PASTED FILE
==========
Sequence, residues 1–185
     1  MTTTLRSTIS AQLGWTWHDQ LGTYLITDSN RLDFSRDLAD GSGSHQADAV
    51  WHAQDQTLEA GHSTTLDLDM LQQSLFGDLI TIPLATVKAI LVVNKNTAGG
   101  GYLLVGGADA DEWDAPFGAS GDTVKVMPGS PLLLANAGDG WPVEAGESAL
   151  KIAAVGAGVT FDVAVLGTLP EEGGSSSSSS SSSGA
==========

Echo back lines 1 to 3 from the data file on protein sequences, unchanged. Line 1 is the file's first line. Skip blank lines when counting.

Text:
Sequence, residues 1–185
     1  MTTTLRSTIS AQLGWTWHDQ LGTYLITDSN RLDFSRDLAD GSGSHQADAV
    51  WHAQDQTLEA GHSTTLDLDM LQQSLFGDLI TIPLATVKAI LVVNKNTAGG